Paper Sailors Rock

The Magic of the D’Entrecasteaux Channel

It is Monday morning and Fika is ready. Delicious provisions, boat cooked brownies, bliss balls, lasagne, sausage rolls, soups and more. I greet Kate, Vicki and Deb at Derwent Sailing Squadron. The excitement is palpable. I am delighted to be able to not only share Fika but these glorious surrounds with an interstate crew. There is going to be a little sail training during this trip with the key focus on building confidence whilst also having a relaxing and joyous cruise down the Channel.

Our first night is spent anchored in the ‘Duckpond’, Barnes Bay, Bruny Island. It is mirror calm. The stars are reflecting in the water. It is cool and we eat below in the warmth of Fika’s cabin. We all sleep perfectly.

The Duckpond reminds me a little of Pittwater with the bush meeting the sea, oyster shells and mussels gracing the rocky shoreline. After a morning kayak, we weigh anchor and gently sail towards Cygnet. The wind is fickle and we motor the last few miles where we try not to become embroiled in the start of the Tuesday afternoon Port Cygnet Sailing Club race. Whilst mingling with one of the starters we are invited to the club for a drink. Of course we partake.

Wednesday morning, we amble into the town of Cygnet to share a morning coffee with the locals. I just love how Fika brings a group of ‘strangers’ together on Monday morning and by Monday afternoon, everyone has relaxed into a shared life aboard. There is an air of warmth, chatter, kindness and generosity. I have never experienced otherwise. And here, we sit on a couch in this café in Cygnet. It is Wednesday morning and I feel that we have all been friends for years. There is a comfortable silence, friendly chatter, giggles and a brief look at the local paper or a catch up on social media. This is so much more than just a sailing trip.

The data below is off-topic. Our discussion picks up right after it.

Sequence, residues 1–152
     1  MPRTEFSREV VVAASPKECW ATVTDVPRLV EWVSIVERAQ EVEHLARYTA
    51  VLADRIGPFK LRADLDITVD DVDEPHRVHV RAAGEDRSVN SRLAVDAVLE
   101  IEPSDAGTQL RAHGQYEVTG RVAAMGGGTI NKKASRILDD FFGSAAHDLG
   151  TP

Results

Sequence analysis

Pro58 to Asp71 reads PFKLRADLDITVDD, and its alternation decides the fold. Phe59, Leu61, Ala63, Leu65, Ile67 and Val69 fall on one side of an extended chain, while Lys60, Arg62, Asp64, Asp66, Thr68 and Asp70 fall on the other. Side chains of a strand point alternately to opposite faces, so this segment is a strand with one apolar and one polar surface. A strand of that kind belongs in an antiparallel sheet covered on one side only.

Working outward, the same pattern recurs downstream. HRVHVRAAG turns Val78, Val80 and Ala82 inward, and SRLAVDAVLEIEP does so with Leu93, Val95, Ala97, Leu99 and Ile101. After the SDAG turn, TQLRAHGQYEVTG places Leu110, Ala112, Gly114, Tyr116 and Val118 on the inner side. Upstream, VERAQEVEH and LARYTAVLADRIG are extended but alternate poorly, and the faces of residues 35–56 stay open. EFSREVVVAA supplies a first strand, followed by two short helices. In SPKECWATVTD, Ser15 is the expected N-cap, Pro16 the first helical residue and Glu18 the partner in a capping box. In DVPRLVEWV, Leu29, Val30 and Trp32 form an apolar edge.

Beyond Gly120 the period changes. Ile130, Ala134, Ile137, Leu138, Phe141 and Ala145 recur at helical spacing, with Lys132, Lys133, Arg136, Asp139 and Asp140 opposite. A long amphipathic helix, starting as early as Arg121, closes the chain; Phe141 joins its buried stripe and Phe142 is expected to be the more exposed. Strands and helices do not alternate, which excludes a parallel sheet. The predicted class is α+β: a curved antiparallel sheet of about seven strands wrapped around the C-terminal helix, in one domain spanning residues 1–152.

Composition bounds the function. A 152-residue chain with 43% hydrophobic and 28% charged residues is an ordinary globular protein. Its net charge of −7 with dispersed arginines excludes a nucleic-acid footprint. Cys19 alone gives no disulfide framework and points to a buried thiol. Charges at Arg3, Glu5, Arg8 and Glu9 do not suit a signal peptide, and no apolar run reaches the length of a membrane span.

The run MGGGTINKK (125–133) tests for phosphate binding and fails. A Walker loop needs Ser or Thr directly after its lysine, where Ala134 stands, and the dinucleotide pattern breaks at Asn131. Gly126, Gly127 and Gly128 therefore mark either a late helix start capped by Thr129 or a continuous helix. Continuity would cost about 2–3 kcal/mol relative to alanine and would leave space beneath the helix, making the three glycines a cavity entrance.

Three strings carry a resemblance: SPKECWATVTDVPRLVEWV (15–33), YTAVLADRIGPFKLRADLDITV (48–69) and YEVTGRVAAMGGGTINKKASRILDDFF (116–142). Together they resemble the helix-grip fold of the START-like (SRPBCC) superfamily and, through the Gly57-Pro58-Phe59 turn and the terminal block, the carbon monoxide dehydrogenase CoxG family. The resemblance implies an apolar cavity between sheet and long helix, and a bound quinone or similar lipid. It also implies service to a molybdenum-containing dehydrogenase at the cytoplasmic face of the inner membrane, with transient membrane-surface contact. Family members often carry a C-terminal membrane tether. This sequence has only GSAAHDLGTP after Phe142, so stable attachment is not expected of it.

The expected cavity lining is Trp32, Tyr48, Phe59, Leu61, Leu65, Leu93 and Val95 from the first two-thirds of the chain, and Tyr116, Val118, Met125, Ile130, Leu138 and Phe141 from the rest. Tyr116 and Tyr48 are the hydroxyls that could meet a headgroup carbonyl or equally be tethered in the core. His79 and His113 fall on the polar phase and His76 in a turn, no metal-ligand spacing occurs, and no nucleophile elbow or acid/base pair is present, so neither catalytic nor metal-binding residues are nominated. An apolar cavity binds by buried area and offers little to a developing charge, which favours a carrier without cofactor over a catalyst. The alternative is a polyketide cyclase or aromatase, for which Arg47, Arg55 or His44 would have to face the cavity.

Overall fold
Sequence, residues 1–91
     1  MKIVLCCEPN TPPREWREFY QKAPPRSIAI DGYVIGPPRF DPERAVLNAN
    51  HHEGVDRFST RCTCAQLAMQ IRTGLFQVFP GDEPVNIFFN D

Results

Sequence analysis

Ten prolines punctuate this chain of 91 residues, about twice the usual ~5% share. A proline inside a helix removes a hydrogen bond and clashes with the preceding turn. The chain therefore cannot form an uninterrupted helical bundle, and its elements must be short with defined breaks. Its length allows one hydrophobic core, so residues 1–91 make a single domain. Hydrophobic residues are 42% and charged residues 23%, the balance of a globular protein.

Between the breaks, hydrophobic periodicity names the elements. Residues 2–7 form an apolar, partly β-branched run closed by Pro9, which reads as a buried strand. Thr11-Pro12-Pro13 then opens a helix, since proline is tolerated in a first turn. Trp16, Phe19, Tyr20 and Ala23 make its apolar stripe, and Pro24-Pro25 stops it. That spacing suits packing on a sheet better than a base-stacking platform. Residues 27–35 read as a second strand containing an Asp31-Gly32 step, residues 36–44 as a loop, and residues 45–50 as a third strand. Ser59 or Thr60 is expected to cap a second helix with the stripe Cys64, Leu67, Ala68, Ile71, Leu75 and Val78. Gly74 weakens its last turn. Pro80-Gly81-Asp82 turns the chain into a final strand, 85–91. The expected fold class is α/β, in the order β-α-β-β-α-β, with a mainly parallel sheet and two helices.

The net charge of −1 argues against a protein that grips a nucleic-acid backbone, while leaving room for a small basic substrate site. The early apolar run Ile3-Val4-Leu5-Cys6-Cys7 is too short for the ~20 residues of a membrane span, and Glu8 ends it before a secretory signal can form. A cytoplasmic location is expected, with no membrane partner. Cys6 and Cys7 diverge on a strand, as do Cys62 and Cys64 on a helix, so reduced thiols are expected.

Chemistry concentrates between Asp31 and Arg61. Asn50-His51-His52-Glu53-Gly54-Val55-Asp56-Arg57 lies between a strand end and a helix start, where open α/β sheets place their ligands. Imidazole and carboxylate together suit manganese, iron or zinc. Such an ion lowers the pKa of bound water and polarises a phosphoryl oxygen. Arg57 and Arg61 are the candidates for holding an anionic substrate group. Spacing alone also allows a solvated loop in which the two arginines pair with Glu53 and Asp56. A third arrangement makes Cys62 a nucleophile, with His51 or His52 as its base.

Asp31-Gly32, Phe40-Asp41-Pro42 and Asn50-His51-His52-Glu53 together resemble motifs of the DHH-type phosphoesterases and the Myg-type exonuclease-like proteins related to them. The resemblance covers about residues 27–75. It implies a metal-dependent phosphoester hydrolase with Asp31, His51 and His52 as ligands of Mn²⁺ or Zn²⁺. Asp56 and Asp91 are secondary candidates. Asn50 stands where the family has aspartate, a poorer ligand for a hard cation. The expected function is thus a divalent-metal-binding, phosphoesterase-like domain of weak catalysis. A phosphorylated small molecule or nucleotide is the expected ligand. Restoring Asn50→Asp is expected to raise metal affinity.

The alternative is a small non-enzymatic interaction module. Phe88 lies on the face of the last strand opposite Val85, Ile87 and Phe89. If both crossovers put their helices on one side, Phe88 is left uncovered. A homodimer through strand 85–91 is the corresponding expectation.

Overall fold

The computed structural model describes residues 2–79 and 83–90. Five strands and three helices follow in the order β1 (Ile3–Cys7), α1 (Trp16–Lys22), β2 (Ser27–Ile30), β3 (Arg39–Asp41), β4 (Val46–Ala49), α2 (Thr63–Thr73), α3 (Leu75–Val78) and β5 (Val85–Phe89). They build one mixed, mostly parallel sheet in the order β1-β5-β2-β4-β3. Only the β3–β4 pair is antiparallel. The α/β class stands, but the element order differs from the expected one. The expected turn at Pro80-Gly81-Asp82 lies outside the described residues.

Reading newspaper

In the afternoon, we sail towards an anchorage at the Southern end of Bruny Island. We practice our Crew Overboard along the way and anchor off Lighthouse Jetty Beach for the evening. Dinner most nights has been in the cockpit and tonight is no exception. We spot the International Space Station for the second time on this trip.

Thursday morning, we head over to Mickeys Bay for breakfast before sailing around to Cloudy Bay on the Southern Ocean side of Bruny Island. We anchor in the protected Southeastern corner and go ashore for a beach walk.

There is a change on the way and it is not safe to stay at Cloudy Bay overnight, so we sail across to Southport for the evening and anchor for the night there. This is our last evening and we eat dinner in the cockpit marvelling at the night sky.

Sailing around to Cloudy Bay

Friday challenges us with a strong northerly wind. It is a hot day and we sip on cool soda water retracing our steps northwards. We motor sail up the Channel back towards Hobart capturing the southerly change just as we are approaching Sandy Bay. With fenders and mooring lines set up, we approach our berth and without a word, we lasso and seamlessly secure Fika. I feel very proud of everyone aboard and so hope that each crew achieved her goal on this magnificent sailing trip.

paper sailors rock

Fika is now on her way back to Brisbane and there are more RYA sail training courses on offer on Moreton Bay throughout April, May and June. Please check out for more information.

To inspire, share knowledge, enable and create memorable, quality sailing experiences which are inclusive of all and respectful of the environment.

Subscribe to our email

Copyright © 2023 Paper Sailors Rock | Designed By TLS Marketing